School of Education, Edith Cowan Institute for Education Research, Fogarty Learning Centre
The Research and Mapping for MCEECDYA Project: Student Academic Engagement has been funded by the Australian Government and project managed by the Department of Education Western Australian (DOEWA), in consultation with a nationally convened Steering Group of jurisdictional and non government school authorities’ representatives. Researchers at the School of Education, Edith Cowan University have conducted the project through tender with the DOEWA.
Purpose: The purpose of the project was to examine the characteristics of schools with a low Index of Community Socio-Educational Advantage (ICSEA)
from all jurisdictions that were identified to be making a difference to student academic achievement, and to identify the key drivers and characteristics of successful models of practice for increasing and sustaining student academic engagement. In defining ‘student academic engagement’ this research has built on the definition used in the Pipeline project by Angus, McDonald, Ormond, Rybarcyzk, Taylor and Winterton, (2009, p 101-102): ‘the product of the student’s attention, effor t, emotions, cognitive investment and participation in learning and teacher actions that encourage participation and the development of competence in learning’. This was extended to include school leadership and other factors supporting school change in low ICSEA contexts.
Key Research Questions: The study had two broad research questions, related to the issues of student academic engagement in low ICSEA schools. These questions were: What are the key drivers and characteristics of 1. successful models of practice for increasing and maintaining student engagement? What are the policy implications of these findings 2. for effective, sustained reform at the jurisdiction and national levels?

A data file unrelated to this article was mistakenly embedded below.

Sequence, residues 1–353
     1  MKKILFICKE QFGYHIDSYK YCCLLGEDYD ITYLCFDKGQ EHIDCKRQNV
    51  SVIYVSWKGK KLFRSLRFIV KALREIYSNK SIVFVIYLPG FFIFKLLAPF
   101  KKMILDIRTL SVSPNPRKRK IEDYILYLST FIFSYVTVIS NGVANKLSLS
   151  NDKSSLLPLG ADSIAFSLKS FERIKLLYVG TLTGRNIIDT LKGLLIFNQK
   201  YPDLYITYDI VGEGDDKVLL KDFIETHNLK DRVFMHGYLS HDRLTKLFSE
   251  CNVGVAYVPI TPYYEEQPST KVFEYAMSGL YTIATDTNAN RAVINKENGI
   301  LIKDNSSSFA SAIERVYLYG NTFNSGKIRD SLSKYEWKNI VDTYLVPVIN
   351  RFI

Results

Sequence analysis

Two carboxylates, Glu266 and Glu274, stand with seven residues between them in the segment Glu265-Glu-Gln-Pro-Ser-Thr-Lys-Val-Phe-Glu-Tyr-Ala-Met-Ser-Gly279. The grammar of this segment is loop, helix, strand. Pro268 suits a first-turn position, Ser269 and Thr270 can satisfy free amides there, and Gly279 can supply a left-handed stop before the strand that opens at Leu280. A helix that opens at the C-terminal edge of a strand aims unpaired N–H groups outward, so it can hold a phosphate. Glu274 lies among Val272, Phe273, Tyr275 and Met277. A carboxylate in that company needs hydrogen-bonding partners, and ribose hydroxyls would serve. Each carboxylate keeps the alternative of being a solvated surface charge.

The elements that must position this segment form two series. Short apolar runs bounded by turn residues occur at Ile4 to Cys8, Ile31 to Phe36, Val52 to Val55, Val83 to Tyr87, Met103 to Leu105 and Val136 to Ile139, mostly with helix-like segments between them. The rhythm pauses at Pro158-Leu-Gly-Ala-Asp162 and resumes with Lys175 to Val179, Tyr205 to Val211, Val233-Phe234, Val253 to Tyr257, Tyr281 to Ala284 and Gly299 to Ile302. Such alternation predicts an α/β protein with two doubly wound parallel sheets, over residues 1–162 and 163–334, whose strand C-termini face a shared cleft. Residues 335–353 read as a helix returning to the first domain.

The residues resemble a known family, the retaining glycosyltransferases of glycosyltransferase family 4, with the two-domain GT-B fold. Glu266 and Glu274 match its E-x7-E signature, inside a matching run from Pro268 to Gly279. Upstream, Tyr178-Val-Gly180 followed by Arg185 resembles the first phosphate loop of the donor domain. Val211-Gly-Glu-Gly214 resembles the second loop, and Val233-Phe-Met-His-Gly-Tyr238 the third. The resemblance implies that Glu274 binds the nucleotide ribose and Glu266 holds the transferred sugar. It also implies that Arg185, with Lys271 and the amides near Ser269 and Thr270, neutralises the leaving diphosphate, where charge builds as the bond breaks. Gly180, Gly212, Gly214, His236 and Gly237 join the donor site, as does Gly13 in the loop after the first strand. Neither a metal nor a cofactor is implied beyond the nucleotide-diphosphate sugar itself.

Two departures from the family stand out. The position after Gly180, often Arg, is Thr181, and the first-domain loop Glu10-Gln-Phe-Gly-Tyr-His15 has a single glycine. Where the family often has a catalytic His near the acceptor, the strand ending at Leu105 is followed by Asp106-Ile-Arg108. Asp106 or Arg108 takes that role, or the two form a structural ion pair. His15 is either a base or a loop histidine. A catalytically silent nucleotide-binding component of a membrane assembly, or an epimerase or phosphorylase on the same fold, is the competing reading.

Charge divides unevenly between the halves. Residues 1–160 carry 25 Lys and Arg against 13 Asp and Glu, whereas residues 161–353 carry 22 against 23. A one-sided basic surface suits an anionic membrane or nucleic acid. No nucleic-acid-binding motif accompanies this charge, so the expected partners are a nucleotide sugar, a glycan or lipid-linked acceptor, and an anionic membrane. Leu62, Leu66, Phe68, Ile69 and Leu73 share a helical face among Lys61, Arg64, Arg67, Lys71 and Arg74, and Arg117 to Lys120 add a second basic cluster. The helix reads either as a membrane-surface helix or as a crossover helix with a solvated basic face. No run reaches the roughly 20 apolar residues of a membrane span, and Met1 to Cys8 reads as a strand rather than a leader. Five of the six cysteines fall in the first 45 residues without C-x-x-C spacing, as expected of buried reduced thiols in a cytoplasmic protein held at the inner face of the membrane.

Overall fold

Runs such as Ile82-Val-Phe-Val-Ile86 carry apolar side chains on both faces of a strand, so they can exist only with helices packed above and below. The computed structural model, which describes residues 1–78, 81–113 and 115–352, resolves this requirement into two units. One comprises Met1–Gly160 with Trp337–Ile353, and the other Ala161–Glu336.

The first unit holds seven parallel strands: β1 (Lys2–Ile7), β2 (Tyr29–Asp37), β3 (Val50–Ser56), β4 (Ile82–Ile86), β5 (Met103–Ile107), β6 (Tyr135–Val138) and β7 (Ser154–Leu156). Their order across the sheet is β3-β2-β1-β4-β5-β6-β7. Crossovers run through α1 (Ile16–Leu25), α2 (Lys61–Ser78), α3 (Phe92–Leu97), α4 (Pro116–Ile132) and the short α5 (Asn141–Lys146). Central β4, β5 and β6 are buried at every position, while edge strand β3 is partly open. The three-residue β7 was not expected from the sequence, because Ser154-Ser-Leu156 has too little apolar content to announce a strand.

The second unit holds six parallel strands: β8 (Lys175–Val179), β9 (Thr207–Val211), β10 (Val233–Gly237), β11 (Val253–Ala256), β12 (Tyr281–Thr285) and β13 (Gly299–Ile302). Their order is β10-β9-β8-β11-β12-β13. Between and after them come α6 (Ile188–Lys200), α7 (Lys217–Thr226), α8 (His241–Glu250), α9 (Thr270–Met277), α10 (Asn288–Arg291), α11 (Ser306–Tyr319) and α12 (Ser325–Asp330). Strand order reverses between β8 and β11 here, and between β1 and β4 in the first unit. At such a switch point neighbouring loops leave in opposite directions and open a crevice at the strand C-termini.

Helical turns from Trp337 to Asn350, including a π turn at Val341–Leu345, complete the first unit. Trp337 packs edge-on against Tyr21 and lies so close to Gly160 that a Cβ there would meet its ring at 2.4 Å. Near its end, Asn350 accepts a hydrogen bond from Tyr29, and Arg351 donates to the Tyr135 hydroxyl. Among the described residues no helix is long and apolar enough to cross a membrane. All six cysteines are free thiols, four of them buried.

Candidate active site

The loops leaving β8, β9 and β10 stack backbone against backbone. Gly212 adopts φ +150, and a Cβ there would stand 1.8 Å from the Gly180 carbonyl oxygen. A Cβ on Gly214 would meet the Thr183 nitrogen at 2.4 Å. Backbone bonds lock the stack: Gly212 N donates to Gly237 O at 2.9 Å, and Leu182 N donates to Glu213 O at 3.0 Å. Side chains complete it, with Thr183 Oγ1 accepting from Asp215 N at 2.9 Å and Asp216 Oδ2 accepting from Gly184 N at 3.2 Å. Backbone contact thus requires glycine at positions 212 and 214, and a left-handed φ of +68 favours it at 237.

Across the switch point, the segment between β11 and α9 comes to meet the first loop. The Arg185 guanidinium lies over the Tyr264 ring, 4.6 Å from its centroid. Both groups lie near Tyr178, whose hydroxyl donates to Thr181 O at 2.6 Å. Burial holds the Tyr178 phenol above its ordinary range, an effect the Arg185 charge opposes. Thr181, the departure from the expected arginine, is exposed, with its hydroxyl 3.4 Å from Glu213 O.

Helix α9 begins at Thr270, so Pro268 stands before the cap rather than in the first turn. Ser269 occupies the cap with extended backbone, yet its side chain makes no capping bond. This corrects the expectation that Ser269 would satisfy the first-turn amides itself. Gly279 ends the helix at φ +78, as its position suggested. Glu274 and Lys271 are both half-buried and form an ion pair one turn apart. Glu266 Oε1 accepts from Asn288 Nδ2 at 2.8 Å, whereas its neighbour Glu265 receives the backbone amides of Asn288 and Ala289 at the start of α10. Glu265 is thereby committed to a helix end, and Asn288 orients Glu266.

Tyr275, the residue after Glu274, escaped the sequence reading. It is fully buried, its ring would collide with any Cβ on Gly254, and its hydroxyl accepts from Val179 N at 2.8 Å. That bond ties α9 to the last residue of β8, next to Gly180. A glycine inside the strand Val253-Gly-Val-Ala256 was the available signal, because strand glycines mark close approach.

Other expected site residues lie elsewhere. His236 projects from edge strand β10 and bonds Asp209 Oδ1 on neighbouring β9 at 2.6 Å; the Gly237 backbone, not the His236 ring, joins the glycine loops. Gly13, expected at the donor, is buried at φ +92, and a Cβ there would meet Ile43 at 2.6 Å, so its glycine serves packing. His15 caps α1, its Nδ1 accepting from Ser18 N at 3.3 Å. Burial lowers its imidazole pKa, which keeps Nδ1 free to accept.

Methodology: The study examined a sample of low ICSEA schools from across Australia. It was conducted just three years after the Commonwealth Government established its Education Revolution for Australian schools and established the Smarter Schools National Partnerships reform agenda. A review of the targets and initiatives that have been instituted by the State and Territory Departments of Education was also undertaken to provide a broader contextual framework for the study. State and Territory Departments of Education all require schools to monitor and report on aspects of student attendance, student performance and the quality of schooling in line with the national agenda. A case study approach was used to explore school practices in the area of student academic engagement in order to identify which strategies had been successfully employed. The study also incorporated an analytical theory of student academic engagement, supplemented by consideration of recent literature. Seventy-three schools were nominated by all education jurisdictions across Australia as low ICSEA primary and secondary schools whose national reporting data indicated they had made a significant, sustained improvement in students’ academic engagement. A desktop audit of these schools identified 25 potential case studies. Semi-structured interviews were conducted with the leadership teams of the identified schools, and school policies and performance data were examined. Twelve of these schools were selected and developed as case studies, to provide a sample of a range of low ICSEA Australian school contexts. Significantly, eleven of the twelve case study schools were National Partnership schools and their innovations were strongly supported by National Partnership funding. In total 40 of the 73 (or 55%) of the schools nominated for selection in this study were National Partnership schools despite this not being a criteria for nomination or selection as a case study school.